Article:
The Story Of The Luxury Car

As funny as it sounds, there was a time in which there was no unwritten rite of passage that teenagers get a car on their 16th birthdays. Long before the present day where cars are considered a necessity, automobiles were only for the extremely wealthy. In fact, the first recorded production of an automobile was in 1672 when a Jesuit missionary in China built a steam-powered vehicle as a toy for the Chinese Emperor. No, really. It was a toy. The thing couldn’t even carry a driver.

Henry Ford Sets The Stage

Fast-forward a couple hundred years to when Henry Ford’s Model T Ford introduced affordable automobiles to middle class America in 1908.  Named the most influential car of the 20th century, the Model T’s production employed the revolutionary tactic of assembly line production, which enabled the mass production of personal vehicles. The car itself contained a 20 horsepower engine capable of reaching speeds up to 45 mph.
In the decades that followed, other auto manufacturers followed in Ford’s footsteps to create vehicles that, in addition to providing the basic functions of the personal automobile, added an extra sense of comfort and style. These became known as the world’s first luxury vehicles, and they were made by several companies that you still recognize today. Alfa Romero, Bugatti, Mercedes-Benz? All pioneers of the luxury car industry.

The Luxury Car Is Born

The Mercedes-Benz SSK is widely regarded as one of the earliest and most revolutionary personal luxury vehicle. First built in 1928, the abbreviation SSK stood for Super Sport Kurz, German for Super Sport Short. It was faster (top speed of 120 mph) and smaller (internal framework shortened by 19 inches) and much more expensive than other models of the era. These three characteristics are certainly consistent with the luxury vehicles of today.
Elsewhere, in Germany, the Austrian-German engineer Ferdinand Porsche established his own auto manufacturer. Initially, Porsche did not manufacture cars under its own name, but rather offered consultations to other manufacturers, mainly Volkswagen. Porsche’s first major assignment handed down by the German government was to aid in the construction of the Volkswagen Beetle, one of the top selling cars of all time. Years later, the Porsche 64, made from many parts that composed the Beetle, became the first car sold under the Porsche moniker. During wartime, Porsche produced several designs for tank destroyers.

Luxury Evolves

Prior to World War II, personal luxury vehicles were an integral part of the American and international economies. Though due to their astronomical price, they could only be purchased by film stars, gangsters and wealthy businessmen or politicians. After the war, some manufacturers like Alfa Romero were severely hurt and replaced by the likes of Ferrari and Bentley, two companies instrumental in introducing the GT (abbreviation for the Italian term “Gran Turismo,”). These cars, designed for high-performance, long-distance travel, employed the two-door, two-seat model that most luxury cars of today follow as well.

In the 1950s, Ford’s Thunderbird created the actual market term “personal luxury vehicle.” In response to Chevrolet’s development of the Corvette, the Thunderbird contained many of the features of the age – flashy head and tail lights, a fake hood scoop and of course increased speed and power – but to distinguish it from its competitor, Ford emphasized its increased comfort and convenience.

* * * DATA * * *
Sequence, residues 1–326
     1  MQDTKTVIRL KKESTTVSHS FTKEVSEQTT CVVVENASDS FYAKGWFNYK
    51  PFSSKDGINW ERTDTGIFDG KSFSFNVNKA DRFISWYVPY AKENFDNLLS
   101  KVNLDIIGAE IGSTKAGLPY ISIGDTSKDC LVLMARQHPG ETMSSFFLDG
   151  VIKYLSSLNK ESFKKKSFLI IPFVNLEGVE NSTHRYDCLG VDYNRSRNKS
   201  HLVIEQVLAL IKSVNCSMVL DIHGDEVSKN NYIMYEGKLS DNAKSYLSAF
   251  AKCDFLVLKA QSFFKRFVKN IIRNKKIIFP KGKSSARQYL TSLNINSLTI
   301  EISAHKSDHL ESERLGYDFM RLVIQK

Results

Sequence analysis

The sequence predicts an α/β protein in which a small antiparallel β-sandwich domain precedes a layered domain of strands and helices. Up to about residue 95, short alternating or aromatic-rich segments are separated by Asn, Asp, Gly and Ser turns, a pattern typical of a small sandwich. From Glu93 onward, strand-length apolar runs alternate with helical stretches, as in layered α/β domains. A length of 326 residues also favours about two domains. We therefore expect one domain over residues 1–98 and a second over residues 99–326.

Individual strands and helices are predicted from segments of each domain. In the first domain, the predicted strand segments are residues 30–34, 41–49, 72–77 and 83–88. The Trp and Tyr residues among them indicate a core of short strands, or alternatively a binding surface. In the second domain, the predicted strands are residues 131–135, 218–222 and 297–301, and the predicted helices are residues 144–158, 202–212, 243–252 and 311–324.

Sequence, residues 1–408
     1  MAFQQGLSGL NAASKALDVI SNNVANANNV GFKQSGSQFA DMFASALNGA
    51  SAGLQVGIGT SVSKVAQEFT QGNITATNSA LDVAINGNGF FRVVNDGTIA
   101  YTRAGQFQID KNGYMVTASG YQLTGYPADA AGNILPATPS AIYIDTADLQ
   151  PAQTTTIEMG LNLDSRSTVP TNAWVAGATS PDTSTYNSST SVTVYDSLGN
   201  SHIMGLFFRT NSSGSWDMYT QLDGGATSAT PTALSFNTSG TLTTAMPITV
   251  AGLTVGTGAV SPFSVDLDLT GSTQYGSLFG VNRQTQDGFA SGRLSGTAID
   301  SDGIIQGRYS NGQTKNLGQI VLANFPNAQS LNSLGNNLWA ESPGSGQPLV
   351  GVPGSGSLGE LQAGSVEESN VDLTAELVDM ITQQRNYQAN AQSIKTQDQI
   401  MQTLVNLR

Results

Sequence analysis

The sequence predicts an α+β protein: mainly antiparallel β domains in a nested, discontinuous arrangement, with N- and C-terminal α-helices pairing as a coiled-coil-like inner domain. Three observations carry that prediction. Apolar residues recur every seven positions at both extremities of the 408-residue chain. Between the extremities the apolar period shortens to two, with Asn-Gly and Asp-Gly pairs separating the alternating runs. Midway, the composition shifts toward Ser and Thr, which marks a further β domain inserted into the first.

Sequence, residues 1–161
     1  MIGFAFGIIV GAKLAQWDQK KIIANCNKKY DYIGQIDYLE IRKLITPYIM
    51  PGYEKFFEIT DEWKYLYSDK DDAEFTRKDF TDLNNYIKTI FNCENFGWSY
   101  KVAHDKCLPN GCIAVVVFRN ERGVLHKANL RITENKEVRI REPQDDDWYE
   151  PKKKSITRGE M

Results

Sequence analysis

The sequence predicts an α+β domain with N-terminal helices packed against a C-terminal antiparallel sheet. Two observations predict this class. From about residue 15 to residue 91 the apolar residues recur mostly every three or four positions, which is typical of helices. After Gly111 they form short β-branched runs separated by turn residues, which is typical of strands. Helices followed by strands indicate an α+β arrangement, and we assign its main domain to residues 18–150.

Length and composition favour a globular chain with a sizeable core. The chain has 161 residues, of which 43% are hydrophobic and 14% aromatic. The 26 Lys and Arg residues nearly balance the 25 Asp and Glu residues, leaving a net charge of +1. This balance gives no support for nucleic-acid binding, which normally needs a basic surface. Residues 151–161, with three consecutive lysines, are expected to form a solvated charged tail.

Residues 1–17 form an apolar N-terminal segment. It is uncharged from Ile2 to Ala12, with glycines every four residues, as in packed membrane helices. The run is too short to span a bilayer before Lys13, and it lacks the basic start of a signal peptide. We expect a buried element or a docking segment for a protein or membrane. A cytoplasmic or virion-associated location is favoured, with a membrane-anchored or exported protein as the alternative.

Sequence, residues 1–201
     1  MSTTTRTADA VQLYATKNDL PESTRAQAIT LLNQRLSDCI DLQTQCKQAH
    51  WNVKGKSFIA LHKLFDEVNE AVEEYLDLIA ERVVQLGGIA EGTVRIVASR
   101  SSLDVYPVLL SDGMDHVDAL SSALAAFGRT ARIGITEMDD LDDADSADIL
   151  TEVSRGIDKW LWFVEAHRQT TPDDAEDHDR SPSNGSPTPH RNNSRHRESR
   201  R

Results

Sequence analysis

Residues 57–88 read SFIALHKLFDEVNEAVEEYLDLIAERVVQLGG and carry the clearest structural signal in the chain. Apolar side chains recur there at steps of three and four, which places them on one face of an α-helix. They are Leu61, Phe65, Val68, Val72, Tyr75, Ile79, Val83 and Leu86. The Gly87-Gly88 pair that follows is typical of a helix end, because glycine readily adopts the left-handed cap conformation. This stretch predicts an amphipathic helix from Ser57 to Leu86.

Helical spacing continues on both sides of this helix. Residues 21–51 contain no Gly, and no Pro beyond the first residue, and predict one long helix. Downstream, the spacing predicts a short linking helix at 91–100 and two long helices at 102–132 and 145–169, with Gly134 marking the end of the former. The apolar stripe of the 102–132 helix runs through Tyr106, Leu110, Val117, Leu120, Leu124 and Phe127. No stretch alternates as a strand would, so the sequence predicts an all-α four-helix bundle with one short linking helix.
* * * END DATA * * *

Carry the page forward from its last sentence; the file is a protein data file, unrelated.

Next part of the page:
In 1958, the Thunderbird added an extra row of seats, further distancing itself from the sports car label. Following suit, American and foreign manufacturers began to make larger and heavier luxury cars to compete with the T-Bird’s rising popularity. Rolls Royce and Lincoln became the face of these newer models with even more extravagantly designed exteriors and more intimate, spacious interiors. Oldsmobile, Cadillac and Buick became key players in the luxury car industry as well.

Pulling Up To The Present

Nowadays, there is less of a demand for personal luxury vehicles due to the economic crisis of the late 2000s and a movement for cleaner, greener cars. However, that said, you’d still be hard pressed to find a manufacturer without its own line of luxury vehicles. While the luxury cars of yesterday were reserved for the extremely rich and famous, the luxury cars of today are usually broken up into four categories: Entry level, mid-luxury, high-end and ultra-luxury.

Entry level and mid-luxury cars are the most affordable of the bunch. They include the likes of the Acura TL, BMW 3-series, Audi A6 and Chrysler 300. High-end luxury cars usually refer to models like the Lincoln Town Car, Mercedes-Benz S-Class and the Porsche Panamera. And then there’s the ultra-luxury cars. That’s where you get into the Maybachs, Rolls Royces, Maseratis and pretty much any other car found in a Lil Wayne rap song.

Luxury cars have come a long way since the age of Henry Ford, and they’re no longer reserved for celebrities. Ride a little faster and relax a little better because no matter your occupation or income, there’s a luxury car out there that suits your needs. 

Author Bio:

David Cormier is a blogger for the Auto Gallery Porsche, a Los Angeles based Porsche dealer.
Powered by Blogger.